[lit-ideas] Re: Counterfactual - Iraq vs Saudi Arabia

  • From: "Mike Geary" <atlas@xxxxxxxxxxxxx>
  • To: <lit-ideas@xxxxxxxxxxxxx>
  • Date: Thu, 22 May 2008 09:38:23 -0500

>>In fact, Saddam did take care of business with Iraq, but we at the time 
>>wanted a balance of power and not the destruction of Iran; so we helped the 
>>Ayatollah hold his own - a very murky business, but several have written 
>>about it.<<

We helped the Ayatollah hold his own?  Tell me more, tell me more.  Like are 
you referring to Irangate?  That was just machinations by that great patriot 
Ronald Reagan to subvert the U. S. Congress and wage illegal proxy war in 
Nicaragua , wasn't it?

Mike Geary

  ----- Original Message ----- 
  From: Lawrence Helm 
  To: lit-ideas@xxxxxxxxxxxxx 
  Sent: Thursday, May 22, 2008 9:15 AM
  Subject: [lit-ideas] Counterfactual - Iraq vs Saudi Arabia



  Lawrence Helm: "The Ayatollah caused the war with Iraq by attempting to 
spread his Islamic Revolution to the Shiites on Iran's border."


  Phil responded: This is a reason, not a cause.  But for the purposes of 

  realpolitik and counterfactuals, reasons are irrelevant.  Saddam

  couldn't take care of business with Iran.  How could he deal with Iran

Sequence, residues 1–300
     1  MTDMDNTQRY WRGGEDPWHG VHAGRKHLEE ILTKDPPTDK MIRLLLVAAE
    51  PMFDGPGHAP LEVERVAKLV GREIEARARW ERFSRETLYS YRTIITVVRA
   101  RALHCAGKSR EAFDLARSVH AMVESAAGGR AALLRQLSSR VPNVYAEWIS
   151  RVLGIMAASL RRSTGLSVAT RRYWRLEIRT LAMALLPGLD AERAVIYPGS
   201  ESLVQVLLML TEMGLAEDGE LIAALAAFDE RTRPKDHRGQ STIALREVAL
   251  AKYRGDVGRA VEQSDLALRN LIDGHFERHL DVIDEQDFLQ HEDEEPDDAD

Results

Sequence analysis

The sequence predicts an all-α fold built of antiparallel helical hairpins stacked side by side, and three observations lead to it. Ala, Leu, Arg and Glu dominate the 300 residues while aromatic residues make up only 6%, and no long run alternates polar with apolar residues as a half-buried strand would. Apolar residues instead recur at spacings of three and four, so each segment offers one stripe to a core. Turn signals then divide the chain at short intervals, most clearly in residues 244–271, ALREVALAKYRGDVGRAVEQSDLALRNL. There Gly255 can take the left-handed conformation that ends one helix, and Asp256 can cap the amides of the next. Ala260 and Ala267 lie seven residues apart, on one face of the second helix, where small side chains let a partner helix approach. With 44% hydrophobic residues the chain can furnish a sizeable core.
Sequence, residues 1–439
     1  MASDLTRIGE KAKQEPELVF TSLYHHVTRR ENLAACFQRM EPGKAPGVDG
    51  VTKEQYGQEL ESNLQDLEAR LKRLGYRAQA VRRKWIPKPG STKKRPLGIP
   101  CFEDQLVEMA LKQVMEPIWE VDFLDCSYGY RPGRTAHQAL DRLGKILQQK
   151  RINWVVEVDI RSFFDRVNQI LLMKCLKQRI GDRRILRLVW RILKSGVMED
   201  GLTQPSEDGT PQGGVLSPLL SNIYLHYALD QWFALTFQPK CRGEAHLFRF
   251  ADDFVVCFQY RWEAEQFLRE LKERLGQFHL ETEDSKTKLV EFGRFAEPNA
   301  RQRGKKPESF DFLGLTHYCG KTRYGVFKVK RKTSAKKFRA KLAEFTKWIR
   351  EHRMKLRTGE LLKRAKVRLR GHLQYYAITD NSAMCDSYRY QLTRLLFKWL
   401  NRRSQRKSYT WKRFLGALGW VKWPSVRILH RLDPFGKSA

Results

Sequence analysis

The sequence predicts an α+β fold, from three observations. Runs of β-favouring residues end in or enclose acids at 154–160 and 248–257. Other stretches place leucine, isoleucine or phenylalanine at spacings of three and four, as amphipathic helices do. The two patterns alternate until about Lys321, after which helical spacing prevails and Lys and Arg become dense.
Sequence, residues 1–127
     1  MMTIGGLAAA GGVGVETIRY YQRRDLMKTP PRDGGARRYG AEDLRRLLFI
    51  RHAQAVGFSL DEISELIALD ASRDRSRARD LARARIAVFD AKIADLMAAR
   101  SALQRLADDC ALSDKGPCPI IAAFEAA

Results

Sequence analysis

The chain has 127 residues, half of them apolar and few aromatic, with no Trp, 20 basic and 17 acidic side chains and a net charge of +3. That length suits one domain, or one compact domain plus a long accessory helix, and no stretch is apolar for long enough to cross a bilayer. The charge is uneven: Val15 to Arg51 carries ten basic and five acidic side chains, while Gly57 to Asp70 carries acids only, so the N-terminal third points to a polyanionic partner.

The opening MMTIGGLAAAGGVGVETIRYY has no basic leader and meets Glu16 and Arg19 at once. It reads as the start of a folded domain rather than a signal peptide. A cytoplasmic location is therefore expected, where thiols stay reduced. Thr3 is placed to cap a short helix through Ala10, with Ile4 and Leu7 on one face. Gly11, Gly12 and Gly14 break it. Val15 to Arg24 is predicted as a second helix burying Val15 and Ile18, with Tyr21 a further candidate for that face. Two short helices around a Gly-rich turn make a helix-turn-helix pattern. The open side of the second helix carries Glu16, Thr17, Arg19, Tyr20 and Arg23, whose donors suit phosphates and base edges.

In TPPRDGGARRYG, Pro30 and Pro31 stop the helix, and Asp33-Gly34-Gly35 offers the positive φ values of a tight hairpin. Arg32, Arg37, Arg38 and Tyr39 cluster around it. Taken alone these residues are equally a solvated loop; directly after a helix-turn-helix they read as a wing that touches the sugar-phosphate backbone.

and the rest of the peninsula?


  Lawrence responds:  No, what the Ayatollah did was an invasion in a real 
sense.   He sent his evangelists in among the swamp Shias, the Shias Saddam had 
the most trouble with because the lived in the swamps.  It would have meant the 
destruction of his regime to allow the Ayatollah to continue.  In fact, Saddam 
did take care of business with Iraq, but we at the time wanted a balance of 
power and not the destruction of Iran; so we helped the Ayatollah hold his own 
- a very murky business, but several have written about it.  



  Lawrence continues: "Also, he asked for and thought he got clearance from the 
American ambassador to Iraq before he invaded Kuwait.  That is the famous April

  Glaspie scandal.  Glaspie admitted that what she told him was



  Phil responds: Again, irrelevant for the purposes of this thread.  If Saddam